Sakura Season 2020

It is not the brightest and the most romantic moment right now in 2020, the corona virus is still spreading and it hasn’t been decreased. You might probably know a lot of entertainment facilities are closed and a lot of events are canceled. End of March is almost coming, which means the cherry blossoms will full bloom soon. The governor of Tokyo, Yuriko Koike warns people, hanami (picnic under the cherry blossoms) is still a risky activity in this situation. She asks people to refrain doing picnic and having parties in parks. Although, she doesn’t want to stop people enjoying cherry blossoms, she said on March 12th: “We discussed what to do with hanami. It is open-air, therefore we still want people to admire flowers.”

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Even though, hanami is very fun and it is a tradition in Japan, it is better to listen to the governor of Japan. But how and where can we enjoy sakura (cherry blossom) this year? It is better to go to small local parks in the residential areas instead of the popular big public parks, where a lot of people (locals and tourists) come. Before going to the list of suggestions. Here is the list of sakura festivals which are canceled:

Ueno Sakura festival 2020
Chiyoda Sakura festival 2020
Nakameguro Sakura festival 2020 (along the river)
Shibuya Sakuragaoka Sakura festival 2020
Bunkyo Sakura festival 2020
Jiyugaoka Sakura festival 2020
Sa*kaso Sakura festival 2020 in Asukayama park
Koganei Sakura festival 2020
Sumida Koen Sakura festival 2020

In other small places, there are no festivals hold, but they are still nice to walk around or sit there. According to the cherry blossom forecast, the blossoms have started blooming in Tokyo on March 14th. The best moment is around March 27th. Probably in the weekend of March 28th and 29th you can enjoy the beautiful scenario.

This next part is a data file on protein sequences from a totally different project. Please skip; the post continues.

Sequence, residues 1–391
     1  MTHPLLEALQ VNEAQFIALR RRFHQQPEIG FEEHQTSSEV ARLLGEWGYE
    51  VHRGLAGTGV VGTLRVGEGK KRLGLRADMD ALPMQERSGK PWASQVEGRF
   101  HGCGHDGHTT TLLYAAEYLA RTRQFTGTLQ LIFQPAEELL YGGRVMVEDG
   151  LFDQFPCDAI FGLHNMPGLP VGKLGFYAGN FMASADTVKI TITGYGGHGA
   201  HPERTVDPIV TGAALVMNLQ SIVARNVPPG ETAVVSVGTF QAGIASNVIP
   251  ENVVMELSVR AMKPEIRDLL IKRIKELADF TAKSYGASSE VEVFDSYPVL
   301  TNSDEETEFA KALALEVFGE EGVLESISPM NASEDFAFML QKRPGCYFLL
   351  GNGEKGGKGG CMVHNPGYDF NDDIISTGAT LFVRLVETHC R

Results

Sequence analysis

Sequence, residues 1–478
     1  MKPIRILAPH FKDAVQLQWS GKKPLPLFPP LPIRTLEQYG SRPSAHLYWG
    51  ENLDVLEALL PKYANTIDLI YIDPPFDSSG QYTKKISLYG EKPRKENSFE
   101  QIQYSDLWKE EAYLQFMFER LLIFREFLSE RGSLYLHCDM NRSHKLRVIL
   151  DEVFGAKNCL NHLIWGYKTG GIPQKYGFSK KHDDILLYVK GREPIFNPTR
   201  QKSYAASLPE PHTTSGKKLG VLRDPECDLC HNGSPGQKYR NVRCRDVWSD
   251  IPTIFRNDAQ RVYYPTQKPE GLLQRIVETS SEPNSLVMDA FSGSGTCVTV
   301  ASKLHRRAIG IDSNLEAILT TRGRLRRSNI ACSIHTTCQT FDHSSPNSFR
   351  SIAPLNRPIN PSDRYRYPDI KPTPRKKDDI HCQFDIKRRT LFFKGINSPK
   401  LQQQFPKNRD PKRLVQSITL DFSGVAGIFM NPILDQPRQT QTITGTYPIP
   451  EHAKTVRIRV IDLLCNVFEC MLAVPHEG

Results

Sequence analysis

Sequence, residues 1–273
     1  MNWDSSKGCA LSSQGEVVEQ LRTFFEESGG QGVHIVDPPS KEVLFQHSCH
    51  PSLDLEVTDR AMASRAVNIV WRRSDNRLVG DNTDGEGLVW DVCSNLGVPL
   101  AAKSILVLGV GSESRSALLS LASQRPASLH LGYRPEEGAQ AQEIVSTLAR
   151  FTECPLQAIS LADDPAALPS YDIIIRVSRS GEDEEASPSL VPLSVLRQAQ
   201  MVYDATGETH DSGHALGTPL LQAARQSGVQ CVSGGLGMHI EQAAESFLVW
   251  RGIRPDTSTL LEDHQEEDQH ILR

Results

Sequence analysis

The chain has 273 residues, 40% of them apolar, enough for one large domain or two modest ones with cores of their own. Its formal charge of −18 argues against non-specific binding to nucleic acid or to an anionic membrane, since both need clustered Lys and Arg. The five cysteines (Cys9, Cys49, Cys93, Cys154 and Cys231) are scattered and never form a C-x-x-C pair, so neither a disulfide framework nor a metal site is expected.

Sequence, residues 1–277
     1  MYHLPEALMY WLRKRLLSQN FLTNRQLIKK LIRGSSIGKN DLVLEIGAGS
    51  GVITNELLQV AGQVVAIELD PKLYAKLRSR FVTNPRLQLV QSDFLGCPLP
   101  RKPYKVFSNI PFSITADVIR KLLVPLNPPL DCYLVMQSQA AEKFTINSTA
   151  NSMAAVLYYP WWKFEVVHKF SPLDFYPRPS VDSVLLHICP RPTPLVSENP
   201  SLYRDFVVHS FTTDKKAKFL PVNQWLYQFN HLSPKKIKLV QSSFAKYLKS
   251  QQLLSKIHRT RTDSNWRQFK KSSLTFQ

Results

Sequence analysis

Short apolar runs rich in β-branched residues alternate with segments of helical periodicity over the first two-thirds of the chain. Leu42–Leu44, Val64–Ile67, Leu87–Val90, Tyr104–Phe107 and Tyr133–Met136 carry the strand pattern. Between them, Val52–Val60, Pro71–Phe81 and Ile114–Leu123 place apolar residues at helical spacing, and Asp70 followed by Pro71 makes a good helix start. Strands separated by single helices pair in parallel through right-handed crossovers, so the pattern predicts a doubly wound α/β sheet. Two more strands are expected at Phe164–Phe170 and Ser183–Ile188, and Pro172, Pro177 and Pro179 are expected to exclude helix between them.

For Happy House Mint and Witt-Style Clover
Two big parks in Nerima ward with a lot of cherry blossoms. Hikarigaoka Park and Toshimaen Park in Nerima ward.

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For Happy House Koenji and Happy House Kamikitazawa
A popular spot for locals and less for tourists, it is the Wadabori park in Suginami ward. Big cherry blossom trees along the Zenpukuji river.

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For Happy House Orange, Vitamin Color and Asian
Nakano has a lot of Cherry Blossoms and not specifically in parks. Nakano dori is full of cherry blossoms.

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For Witt-Style Nakameguro and Witt-Style Mishuku
One of the most popular spot to see sakura is in Nakameguro, along the Nakameguro river. It might be less busy compare to the previous years, but probably it is better to skip to go there for this year. In Setagaya ward, there is a park called Kinuta Park, which has about 930 cherry blossoms blooming.

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For Happy House Kagurazaka & Chilli Pepper and Cream
PersonallyI went to Iidabashi area for hanami last year, it was not super crowded along the Kanda river, so probably there won’t be many people walking this year. It is beautiful though.


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How to prepare for an earthquake?!


Regularly, we feel a small earthquake in Tokyo. It is quite common here, but it has been predicted that there will occur a big one in Tokyo before the year 2050. For foreigners who haven’t experienced any earthquakes, it can be frightening. How to prepare for any kind of earthquake?